Viewpoint: time to change hip fracture rehabilitation

The CSP has worked with the British Orthopaedic Association (BOA) in an evaluation of orthopaedic rehab services.

We were shocked by the current outcomes for people following a hip fracture. It appears that:  
  • about half do not regain their previous level of mobility and independence
  • just half of those admitted from home go back there within 30 days
  • one third of people with no history of depression have significant depressive symptoms six weeks after their fracture

Some hip fracture rehab services 

In England have high-quality pathways but there are unacceptable variations in practice and too few seven-day and integrated services. 
The National Institute for Health and Care Excellence hip fracture guidance recommends physiotherapy assessment and mobilisation within 24 hours post-operatively. The Scottish intercollegiate guidelines network recommends starting multidisciplinary rehab within the same time frame. Seven-day physio services are needed to comply with this and the guidance provides a useful lever for those trying to increase their service provision.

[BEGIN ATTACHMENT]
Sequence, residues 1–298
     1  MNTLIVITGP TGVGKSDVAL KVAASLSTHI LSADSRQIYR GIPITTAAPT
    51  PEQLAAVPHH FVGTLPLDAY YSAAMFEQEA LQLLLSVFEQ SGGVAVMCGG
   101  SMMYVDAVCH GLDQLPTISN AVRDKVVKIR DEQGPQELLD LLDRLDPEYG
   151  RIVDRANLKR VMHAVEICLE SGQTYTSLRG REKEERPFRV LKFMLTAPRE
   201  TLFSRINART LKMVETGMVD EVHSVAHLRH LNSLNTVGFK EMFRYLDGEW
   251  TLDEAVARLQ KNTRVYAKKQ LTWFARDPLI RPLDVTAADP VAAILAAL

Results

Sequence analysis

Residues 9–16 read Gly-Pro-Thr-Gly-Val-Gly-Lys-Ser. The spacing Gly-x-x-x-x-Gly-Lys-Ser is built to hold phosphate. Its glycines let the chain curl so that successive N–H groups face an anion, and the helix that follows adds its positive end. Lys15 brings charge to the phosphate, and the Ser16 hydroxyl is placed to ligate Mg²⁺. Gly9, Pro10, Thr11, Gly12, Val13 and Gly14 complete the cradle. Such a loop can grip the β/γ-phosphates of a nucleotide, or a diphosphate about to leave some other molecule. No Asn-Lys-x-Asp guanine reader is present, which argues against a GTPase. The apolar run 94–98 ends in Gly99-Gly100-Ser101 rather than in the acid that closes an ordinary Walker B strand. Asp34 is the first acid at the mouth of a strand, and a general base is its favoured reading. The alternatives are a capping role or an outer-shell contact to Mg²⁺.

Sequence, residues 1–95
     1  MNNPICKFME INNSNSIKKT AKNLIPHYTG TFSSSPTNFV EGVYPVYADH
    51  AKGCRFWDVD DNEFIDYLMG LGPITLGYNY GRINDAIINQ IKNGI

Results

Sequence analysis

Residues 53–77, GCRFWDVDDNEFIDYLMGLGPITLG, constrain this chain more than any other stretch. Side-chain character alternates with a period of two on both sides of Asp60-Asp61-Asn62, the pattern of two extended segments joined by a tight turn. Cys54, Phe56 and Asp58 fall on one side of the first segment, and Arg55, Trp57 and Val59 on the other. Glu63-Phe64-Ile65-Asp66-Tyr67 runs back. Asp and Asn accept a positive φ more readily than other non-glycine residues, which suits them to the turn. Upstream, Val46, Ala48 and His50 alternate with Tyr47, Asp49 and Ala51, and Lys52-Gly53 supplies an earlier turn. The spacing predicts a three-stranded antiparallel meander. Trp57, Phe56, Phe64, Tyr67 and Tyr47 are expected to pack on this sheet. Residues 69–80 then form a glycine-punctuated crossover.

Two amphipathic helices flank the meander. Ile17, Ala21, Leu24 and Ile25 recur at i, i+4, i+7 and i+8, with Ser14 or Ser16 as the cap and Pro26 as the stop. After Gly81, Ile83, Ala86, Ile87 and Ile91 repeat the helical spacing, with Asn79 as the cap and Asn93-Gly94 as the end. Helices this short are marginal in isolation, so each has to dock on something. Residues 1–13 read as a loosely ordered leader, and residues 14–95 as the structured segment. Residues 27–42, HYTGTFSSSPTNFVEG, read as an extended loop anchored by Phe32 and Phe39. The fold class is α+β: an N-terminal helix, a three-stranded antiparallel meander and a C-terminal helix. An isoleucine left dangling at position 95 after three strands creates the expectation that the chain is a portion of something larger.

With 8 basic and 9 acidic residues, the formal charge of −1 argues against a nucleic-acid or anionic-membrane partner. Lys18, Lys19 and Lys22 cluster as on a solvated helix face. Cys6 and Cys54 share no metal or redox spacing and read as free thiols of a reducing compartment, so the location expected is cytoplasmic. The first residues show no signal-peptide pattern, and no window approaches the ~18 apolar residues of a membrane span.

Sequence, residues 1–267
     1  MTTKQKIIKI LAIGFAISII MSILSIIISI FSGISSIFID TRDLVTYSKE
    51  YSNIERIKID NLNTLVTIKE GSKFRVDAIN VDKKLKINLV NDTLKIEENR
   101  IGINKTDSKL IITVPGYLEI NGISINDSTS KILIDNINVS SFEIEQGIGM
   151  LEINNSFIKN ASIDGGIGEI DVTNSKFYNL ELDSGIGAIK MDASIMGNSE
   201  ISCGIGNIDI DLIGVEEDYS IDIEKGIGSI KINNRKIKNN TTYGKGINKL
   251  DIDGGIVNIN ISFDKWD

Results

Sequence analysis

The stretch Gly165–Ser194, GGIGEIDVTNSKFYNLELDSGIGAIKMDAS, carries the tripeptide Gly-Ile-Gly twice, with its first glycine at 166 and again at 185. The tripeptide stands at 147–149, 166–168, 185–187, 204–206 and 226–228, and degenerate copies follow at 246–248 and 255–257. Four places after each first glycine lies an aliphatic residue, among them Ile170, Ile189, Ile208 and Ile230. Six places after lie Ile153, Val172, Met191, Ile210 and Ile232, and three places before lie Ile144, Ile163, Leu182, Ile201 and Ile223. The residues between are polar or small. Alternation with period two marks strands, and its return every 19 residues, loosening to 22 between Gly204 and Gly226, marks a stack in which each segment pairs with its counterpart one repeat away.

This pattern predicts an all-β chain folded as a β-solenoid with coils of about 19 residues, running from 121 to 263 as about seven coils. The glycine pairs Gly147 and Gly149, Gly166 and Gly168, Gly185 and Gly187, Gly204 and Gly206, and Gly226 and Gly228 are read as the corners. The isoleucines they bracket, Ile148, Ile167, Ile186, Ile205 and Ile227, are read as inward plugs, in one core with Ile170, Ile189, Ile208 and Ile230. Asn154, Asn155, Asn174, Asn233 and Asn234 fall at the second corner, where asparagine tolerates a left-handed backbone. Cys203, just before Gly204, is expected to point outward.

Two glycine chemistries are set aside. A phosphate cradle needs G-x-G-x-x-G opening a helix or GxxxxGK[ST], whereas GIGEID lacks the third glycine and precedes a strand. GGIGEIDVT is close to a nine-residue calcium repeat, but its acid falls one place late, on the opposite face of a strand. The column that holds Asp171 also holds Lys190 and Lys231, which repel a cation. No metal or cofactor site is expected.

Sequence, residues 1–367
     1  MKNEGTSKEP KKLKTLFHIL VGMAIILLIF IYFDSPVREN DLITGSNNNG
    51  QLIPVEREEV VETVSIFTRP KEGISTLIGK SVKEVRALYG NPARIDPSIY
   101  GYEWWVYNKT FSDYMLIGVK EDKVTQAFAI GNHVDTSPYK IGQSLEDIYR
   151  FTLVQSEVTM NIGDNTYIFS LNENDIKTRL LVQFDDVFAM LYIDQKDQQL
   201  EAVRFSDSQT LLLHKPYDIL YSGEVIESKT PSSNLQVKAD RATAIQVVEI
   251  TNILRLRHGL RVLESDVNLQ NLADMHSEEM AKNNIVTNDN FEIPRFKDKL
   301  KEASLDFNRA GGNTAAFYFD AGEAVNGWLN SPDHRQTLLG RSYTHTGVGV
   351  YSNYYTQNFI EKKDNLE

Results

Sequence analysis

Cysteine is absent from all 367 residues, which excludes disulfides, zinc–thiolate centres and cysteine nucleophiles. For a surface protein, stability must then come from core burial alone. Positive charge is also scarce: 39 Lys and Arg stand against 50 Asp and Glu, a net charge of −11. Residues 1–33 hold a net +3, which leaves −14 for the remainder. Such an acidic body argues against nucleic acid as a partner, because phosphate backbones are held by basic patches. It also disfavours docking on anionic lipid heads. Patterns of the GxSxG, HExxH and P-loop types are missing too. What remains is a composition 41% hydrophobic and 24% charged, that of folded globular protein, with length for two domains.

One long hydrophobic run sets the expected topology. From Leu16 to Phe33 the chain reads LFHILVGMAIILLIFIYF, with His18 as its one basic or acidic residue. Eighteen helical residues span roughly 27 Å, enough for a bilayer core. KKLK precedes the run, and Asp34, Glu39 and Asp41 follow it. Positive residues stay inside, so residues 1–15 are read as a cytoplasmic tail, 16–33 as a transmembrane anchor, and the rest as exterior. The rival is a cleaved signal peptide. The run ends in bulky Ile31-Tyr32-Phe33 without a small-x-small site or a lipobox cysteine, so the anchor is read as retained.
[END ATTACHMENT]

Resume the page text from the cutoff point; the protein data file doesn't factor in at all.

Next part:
Rehabilitation delivered immediately and intensively after hip fracture surgery helps people to regain their independence and lead full and active lives. Yet there is a general perception that patients are ‘mobilised’ post-operatively and rehab is only offered once the patient is discharged from the acute sector.  
Rehabilitation that includes strengthening, endurance and falls prevention can help people achieve a higher functional level and quality of life than before their fracture. However, the report suggests that many patients receive inadequate rehab far too late.  
Supporting these patients currently costs £2 billion a year. Rehab is cost effective and frees up resources. Data on physiotherapy mobilisation within 24 hours has been included in the National Hip Fracture Database since April 2014 and its managers are keen to continue working with the CSP on adding more rehab relevant metrics.
All services have a responsibility to demonstrate the quality of their rehabilitation in the acute and community sectors. We need to show that physiotherapy can help these patients regain their independence, return to their homes and prevent avoidable mental health problems.  
The CSP is to commission a Physiotherapy works project to develop best practice guidance for hip fracture rehab in all settings. The project will also evaluate the economic evidence and develop resources and tools to support the planning and delivery of high-quality rehabilitation services.
Services with data to support their hip fracture rehabilitation service can email me at 
  • Gabrielle Rankin is a CSP research adviser

More information

  • Find the BOA report here, and search for girft’
Gabrielle Rankin CSP research adviser

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